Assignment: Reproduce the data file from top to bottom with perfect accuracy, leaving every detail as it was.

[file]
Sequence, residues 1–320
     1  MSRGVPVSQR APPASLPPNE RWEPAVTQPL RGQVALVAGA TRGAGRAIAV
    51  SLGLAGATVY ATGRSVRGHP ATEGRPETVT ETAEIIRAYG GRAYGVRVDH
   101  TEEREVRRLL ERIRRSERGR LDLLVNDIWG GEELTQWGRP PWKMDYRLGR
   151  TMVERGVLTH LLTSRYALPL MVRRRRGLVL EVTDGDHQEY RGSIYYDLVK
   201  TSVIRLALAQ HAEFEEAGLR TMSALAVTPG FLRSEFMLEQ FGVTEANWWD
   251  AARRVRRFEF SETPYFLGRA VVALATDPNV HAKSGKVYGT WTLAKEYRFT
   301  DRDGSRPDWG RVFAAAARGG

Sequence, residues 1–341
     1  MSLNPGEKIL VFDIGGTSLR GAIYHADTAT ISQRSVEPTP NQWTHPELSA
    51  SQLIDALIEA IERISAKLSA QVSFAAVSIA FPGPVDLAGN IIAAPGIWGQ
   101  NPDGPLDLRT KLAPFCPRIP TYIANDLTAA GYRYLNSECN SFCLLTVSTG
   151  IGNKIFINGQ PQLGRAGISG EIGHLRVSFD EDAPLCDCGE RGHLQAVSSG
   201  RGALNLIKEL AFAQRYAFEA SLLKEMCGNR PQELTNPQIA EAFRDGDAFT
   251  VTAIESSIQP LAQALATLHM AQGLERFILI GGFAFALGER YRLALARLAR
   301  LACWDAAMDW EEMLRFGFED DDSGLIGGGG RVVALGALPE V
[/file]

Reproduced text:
Sequence, residues 1–320
     1  MSRGVPVSQR APPASLPPNE RWEPAVTQPL RGQVALVAGA TRGAGRAIAV
    51  SLGLAGATVY ATGRSVRGHP ATEGRPETVT ETAEIIRAYG GRAYGVRVDH
   101  TEEREVRRLL ERIRRSERGR LDLLVNDIWG GEELTQWGRP PWKMDYRLGR
   151  TMVERGVLTH LLTSRYALPL MVRRRRGLVL EVTDGDHQEY RGSIYYDLVK
   201  TSVIRLALAQ HAEFEEAGLR TMSALAVTPG FLRSEFMLEQ FGVTEANWWD
   251  AARRVRRFEF SETPYFLGRA VVALATDPNV HAKSGKVYGT WTLAKEYRFT
   301  DRDGSRPDWG RVFAAAARGG

Sequence, residues 1–341
     1  MSLNPGEKIL VFDIGGTSLR GAIYHADTAT ISQRSVEPTP NQWTHPELSA
    51  SQLIDALIEA IERISAKLSA QVSFAAVSIA FPGPVDLAGN IIAAPGIWGQ
   101  NPDGPLDLRT KLAPFCPRIP TYIANDLTAA GYRYLNSECN SFCLLTVSTG
   151  IGNKIFINGQ PQLGRAGISG EIGHLRVSFD EDAPLCDCGE RGHLQAVSSG
   201  RGALNLIKEL AFAQRYAFEA SLLKEMCGNR PQELTNPQIA EAFRDGDAFT
   251  VTAIESSIQP LAQALATLHM AQGLERFILI GGFAFALGER YRLALARLAR
   301  LACWDAAMDW EEMLRFGFED DDSGLIGGGG RVVALGALPE V